Top and bottom roping in traditional climbing
If you don't want to lead you can climb using a top-rope or bottom-rope system. These are fairly straightforward to set up as long as you consider a few basics.
Some days you may not feel like leading, or perhaps you want to try a harder route, so you may choose to top-rope. This involves setting up anchors at the top of the route and dropping the rope down. If the belayer stays at the top of the crag it is known as top-roping. If you organise it to belay from the base of the crag it is sometimes called bottom-roping although, confusingly, some still refer to this as top-roping.
Bottom-roping is slightly more complex to set up, but once it's ready to go it enables quick swapping between climbing and belaying
- Consider other climbers. For example, don't stay on one route all day - if it looks like some one else wants to climb it let them have a turn too.
- Always select bombproof anchors, as you would if you were leading.
- It's normally obvious where the route goes when you're standing at the bottom but much less so when peering over the top of the crag. Leave a rucksack clearly visible in line with the route at the crag base.
- Approaching the top of the route is not always straightforward. Beware of loose rock and scrambling around unroped.
- Safeguard yourself while setting up. Place an anchor well back from the edge and attach yourself to this while you move around close to the edge.
Think of it as though you'd just led the pitch so you are already tied onto the end of the rope:
1 Select appropriate anchors.
2 Attach yourself using a combination of slings and the rope.
3 Position yourself where you can see, are comfortable and supported by the anchors.
4 Before throwing the rope down note any other climbers and loose rock and shout 'Below!'
5 Use a belay device attached to the rope tie in loop and the climbing calls to communicate.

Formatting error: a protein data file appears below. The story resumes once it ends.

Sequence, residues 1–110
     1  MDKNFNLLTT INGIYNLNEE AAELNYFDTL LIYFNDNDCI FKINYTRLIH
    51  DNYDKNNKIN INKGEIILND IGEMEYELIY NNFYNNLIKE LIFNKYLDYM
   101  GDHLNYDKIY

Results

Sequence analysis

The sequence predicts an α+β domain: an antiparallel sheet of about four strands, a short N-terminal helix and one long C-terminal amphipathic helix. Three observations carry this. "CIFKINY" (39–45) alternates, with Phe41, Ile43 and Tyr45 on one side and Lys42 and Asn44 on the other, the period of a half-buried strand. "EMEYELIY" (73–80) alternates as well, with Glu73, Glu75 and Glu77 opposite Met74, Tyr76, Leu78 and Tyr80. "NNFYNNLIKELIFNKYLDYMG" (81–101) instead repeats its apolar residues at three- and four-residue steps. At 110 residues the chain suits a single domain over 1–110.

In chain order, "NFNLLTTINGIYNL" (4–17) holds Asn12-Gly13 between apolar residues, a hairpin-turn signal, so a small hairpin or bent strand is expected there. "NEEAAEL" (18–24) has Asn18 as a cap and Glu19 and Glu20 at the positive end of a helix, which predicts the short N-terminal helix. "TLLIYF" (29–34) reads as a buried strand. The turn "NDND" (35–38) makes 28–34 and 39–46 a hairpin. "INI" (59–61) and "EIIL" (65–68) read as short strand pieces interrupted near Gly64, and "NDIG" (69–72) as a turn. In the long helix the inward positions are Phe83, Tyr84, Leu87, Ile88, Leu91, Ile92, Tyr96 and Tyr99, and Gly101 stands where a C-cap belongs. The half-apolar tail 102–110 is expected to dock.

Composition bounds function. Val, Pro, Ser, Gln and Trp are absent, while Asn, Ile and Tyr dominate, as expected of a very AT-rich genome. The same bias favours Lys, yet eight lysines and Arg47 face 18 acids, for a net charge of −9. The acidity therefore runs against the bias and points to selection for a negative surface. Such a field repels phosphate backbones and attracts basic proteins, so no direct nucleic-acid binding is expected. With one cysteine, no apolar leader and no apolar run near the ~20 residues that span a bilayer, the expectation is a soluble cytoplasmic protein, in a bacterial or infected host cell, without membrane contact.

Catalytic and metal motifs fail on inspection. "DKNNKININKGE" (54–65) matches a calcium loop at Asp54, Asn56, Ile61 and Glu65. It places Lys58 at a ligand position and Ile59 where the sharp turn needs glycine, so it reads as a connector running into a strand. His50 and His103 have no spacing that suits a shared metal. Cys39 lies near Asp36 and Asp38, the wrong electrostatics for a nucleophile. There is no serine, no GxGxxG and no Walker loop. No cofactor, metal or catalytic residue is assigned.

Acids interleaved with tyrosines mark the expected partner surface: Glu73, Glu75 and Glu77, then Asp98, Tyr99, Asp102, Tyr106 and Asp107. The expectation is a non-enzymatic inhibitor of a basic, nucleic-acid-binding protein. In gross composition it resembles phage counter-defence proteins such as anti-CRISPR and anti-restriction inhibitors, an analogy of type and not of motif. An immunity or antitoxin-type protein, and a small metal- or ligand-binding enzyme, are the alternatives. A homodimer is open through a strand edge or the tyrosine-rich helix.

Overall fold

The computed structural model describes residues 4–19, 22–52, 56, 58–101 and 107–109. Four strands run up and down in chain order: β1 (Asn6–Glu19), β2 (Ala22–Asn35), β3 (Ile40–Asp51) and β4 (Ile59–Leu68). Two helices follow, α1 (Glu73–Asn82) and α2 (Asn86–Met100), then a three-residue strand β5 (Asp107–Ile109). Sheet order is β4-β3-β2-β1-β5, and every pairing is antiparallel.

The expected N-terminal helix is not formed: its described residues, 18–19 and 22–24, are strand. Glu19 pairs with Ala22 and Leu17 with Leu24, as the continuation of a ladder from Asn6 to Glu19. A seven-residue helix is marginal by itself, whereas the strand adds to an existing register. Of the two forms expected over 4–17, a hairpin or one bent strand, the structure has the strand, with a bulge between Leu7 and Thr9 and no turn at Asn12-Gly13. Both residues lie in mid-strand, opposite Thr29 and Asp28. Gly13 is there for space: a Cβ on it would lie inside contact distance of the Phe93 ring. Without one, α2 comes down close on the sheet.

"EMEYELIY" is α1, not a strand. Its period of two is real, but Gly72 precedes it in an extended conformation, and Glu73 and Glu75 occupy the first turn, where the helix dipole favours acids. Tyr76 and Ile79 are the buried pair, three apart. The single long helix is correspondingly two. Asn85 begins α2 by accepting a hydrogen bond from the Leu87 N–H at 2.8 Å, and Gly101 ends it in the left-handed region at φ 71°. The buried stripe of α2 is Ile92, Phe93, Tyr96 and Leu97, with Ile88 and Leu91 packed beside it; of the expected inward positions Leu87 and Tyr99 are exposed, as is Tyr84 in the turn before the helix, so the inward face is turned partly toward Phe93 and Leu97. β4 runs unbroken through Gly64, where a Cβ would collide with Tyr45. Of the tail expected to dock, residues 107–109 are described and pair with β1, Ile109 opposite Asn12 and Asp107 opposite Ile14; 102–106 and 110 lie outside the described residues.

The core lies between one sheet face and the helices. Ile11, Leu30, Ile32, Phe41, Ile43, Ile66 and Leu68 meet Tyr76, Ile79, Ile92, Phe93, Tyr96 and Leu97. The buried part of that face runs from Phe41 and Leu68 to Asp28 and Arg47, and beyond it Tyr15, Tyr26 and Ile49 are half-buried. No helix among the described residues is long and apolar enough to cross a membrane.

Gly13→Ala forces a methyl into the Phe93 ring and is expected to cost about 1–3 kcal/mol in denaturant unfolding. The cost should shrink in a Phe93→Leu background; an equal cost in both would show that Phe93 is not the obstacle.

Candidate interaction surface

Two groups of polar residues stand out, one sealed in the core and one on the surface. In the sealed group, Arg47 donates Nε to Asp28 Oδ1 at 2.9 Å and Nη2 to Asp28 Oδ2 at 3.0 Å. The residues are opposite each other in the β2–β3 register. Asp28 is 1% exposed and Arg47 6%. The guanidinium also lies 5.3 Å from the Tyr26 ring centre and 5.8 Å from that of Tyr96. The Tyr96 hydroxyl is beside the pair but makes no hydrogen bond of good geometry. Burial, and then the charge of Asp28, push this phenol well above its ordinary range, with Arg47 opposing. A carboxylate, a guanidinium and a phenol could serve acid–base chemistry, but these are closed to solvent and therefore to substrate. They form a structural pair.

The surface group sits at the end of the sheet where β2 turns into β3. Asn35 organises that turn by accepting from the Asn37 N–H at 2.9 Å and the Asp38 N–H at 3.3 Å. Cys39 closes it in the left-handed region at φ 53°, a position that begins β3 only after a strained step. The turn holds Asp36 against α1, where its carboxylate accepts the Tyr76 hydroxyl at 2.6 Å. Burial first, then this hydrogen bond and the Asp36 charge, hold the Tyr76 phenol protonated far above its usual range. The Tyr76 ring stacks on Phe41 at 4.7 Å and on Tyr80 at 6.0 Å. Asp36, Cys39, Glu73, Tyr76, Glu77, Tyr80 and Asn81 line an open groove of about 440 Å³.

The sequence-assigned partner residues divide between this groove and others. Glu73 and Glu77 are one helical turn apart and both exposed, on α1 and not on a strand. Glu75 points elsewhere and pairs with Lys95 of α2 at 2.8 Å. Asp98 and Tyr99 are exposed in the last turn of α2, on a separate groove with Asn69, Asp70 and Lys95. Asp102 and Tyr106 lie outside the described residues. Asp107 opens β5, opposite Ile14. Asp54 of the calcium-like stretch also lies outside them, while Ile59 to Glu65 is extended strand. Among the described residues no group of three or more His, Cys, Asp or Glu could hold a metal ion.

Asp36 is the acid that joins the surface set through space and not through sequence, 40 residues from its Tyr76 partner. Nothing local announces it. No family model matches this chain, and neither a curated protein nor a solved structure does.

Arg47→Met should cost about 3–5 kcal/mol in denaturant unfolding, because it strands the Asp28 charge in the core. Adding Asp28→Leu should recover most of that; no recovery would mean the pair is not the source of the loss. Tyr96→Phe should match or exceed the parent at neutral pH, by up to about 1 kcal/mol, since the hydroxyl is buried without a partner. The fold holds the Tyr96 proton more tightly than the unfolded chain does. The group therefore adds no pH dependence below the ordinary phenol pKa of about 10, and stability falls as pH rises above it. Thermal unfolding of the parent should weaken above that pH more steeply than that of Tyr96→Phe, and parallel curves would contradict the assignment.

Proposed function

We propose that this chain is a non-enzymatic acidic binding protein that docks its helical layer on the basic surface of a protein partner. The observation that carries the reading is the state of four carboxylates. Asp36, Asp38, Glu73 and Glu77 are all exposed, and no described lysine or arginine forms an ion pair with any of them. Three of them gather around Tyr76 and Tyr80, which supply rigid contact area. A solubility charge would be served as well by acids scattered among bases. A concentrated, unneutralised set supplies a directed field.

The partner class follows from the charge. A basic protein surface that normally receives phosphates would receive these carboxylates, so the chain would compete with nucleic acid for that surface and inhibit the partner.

6 When your partner arrives have a system for making them safe. Either let them climb past you to the crag top or tie into the anchors next to you and swap over.
This is slightly more complex to set up, but once it's ready to go it enables quick swapping between climbing and belaying. On cold, windy days it is more comfortable to belay in shelter at the base of the route than to stand shivering at the top.
1. Select appropriate anchors - be wary of using cams, once the system is running you won't be able to see what's happening at the top and cams can walk into cracks.
2. Equalise anchors using slings or an extra rope (low stretch rope is ideal as rigging rope, otherwise use a single rope)
3. Make sure the central point is just down over the edge otherwise there will be too much friction in the system.
4. Use rope protectors or padding anywhere the rope is rubbing against rock.
5. Use a screwgate karabiner to hang the climbing rope from.
6. Get someone to weight the ropes while you're still at the top so you can see how it all looks and make any adjustments.
Bottom-roping works best on steep crags with good anchors and solid rock. It does not work so well on long, easy or loose routes. Also avoid bottom-roping on multipitch routes or those that are busy with lead climbers.